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Any boy can get a girl, it takes a man to keep one.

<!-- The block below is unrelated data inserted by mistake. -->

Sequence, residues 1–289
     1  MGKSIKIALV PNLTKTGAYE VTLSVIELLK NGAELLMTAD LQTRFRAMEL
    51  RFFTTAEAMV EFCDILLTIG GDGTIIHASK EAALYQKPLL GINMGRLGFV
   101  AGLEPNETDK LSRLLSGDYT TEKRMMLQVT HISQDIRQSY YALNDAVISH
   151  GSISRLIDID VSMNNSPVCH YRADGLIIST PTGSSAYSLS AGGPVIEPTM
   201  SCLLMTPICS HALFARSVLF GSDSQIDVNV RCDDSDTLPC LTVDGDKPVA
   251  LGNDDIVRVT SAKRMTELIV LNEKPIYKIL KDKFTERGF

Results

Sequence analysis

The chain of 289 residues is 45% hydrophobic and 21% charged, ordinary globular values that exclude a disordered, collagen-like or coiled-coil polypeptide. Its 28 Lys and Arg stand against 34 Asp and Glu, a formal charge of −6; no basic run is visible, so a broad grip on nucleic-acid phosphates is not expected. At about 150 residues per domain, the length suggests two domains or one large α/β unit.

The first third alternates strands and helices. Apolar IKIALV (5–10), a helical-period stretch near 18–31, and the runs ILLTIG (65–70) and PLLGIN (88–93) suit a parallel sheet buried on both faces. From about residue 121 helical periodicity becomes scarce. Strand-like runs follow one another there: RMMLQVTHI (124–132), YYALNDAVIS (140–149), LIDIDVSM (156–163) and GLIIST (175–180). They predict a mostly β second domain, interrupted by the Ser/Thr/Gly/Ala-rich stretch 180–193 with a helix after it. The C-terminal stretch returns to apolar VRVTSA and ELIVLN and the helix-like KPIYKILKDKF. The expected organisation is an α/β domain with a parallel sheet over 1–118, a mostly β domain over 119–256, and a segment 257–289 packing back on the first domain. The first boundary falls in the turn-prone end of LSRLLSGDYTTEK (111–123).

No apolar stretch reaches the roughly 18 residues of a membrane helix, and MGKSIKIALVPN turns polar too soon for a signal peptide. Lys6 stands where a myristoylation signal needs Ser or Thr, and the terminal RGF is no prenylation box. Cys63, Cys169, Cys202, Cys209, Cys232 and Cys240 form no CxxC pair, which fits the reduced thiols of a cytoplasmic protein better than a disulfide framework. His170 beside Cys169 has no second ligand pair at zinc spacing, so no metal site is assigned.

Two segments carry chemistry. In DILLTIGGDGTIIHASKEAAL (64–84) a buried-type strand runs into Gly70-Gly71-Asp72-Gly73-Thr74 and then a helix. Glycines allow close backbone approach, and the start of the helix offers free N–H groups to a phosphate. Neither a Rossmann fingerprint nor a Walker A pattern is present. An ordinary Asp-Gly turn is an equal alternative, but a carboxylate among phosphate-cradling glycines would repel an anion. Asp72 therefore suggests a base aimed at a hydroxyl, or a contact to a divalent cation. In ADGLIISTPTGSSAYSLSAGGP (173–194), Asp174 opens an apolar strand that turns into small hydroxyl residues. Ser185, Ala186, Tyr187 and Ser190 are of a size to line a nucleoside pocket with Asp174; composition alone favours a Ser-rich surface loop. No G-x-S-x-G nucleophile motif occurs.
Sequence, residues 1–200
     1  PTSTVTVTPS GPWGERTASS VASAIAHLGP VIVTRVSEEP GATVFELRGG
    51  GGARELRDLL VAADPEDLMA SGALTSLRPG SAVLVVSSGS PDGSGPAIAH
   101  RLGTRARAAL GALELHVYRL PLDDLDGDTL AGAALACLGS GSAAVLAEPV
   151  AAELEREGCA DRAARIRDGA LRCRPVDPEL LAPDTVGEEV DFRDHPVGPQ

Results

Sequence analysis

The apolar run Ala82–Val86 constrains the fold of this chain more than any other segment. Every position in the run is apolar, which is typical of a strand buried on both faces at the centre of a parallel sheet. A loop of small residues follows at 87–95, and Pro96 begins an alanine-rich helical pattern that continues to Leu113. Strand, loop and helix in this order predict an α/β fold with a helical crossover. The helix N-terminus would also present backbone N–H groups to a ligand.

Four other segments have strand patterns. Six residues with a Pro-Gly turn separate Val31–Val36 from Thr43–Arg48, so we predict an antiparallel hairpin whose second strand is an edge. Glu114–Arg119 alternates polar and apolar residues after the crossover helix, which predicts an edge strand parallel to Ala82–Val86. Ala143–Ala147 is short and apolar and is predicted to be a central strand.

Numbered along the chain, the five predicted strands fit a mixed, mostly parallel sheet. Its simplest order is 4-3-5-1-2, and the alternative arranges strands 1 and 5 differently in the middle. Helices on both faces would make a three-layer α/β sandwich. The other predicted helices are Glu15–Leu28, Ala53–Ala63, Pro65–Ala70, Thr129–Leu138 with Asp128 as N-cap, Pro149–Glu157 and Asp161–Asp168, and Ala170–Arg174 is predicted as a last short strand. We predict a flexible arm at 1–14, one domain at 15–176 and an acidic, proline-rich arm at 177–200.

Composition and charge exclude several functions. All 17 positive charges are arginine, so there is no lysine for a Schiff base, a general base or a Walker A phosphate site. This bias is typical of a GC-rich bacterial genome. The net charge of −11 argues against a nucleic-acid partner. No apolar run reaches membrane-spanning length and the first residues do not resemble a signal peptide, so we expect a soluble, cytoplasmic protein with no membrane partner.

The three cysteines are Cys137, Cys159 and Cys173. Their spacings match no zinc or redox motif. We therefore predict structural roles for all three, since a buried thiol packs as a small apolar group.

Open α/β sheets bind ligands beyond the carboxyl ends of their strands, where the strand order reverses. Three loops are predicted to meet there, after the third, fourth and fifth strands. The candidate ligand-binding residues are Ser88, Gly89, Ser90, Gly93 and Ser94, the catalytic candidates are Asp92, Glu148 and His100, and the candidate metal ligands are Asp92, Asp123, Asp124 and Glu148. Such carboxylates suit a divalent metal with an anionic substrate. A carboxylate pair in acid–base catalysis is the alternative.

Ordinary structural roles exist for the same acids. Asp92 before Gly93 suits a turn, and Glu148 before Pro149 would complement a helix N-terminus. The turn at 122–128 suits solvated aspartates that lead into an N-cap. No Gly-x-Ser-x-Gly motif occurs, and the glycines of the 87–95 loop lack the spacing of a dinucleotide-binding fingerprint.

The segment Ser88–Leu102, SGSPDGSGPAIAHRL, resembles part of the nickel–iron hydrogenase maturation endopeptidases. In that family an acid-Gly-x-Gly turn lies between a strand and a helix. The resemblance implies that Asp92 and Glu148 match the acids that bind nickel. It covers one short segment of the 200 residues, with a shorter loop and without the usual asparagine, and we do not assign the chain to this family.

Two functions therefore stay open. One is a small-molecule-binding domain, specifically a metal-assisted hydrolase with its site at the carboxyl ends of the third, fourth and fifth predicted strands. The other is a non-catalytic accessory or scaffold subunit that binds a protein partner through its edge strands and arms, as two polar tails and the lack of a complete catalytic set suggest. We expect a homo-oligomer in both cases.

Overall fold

Why men lieBy Matthew SakeyMen lie. Women lie as well, but it doesn't seem like they do it nearly as often. And while it's easy to dismiss dishonesty of any kind as wrong, sometimes there are extenuating circumstances that, while not necessarily excusing the deception, at least put it into some context. Remember, though, that there are at least as many reasons that men lie as there are men, and like those men, some reasons are good, and some are not so good. Take a look at a few of the more common reasons for deception: 1. He didn't want to hurt you Lying to protect someone's feelings is probably the closest thing to a "good lie" there is, with the exception of lying to protect national security. Men have been known to modify truths if those truths would hurt someone they care about, and in some cases, the victim of the lie can appreciate it as a kindness. "I will lie to spare her feelings if I can," says Marcus, 29. "In a way, I don't even consider it dishonest... it's a matter of doing something kind versus doing something right. That's a difficult choice." 2. He didn't want to hurt himself Ah, the classic "the truth would have embarrassed me" argument. Falling into the "nice try" category of excuses, a lie that protects the liar's feelings is a lot worse than one that protects yours. "I can't think of a single reason to lie just to spare my own feelings," says Tony, 38. "I suppose I've done it occasionally, but protecting yourself at the expense of someone else is wrong." 3. He said what he thought you wanted to hear Men are not the most astute readers of feminine desires, and sometimes they will tell a fib because they believe that you'd rather hear an untruth than something potentially hurtful. "I have occasionally defused a fight by saying something she wants to hear, even if it's untrue," says Bryan, 30. "It's not something I defend, just something that seems right at the time." 4. Some things are best left unsaid Occasionally, men will lie to protect a secret that is either not your business, would cause trouble if revealed, or both. The old "cover-up" comes in two types: a lie to conceal some wrongdoing, like cheating, and a lie to conceal something else, like the fact that he, too, used to be a woman. "Even close couples occasionally have secrets," says Peter, 29. "The fact is, not everything is everyone's business. Some sleeping dogs should be left alone." 5. He's an idiot Sometimes there is no excuse. Sometimes men lie, for whatever reason, and there's just no defence. Frustratingly, such men are often adept at concealing themselves, so you must trust your heart and instincts when you sense deception. If a man is habitually dishonest, he's probably not worth your time. Cicero once said, "So great is the power of honesty that we esteem it even in an enemy." While lies can spare feelings, offset trouble and protect secrets, the fact is that honesty is an unassailable fortress, even if the truth sometimes hurts. You must take deceptions as you take your men: on a case-by-case basis. When you've been lied to, trust is in doubt forever, but can also be regained with a lot of hard work on both sides. Use your judgement, and above all, be honest with yourself.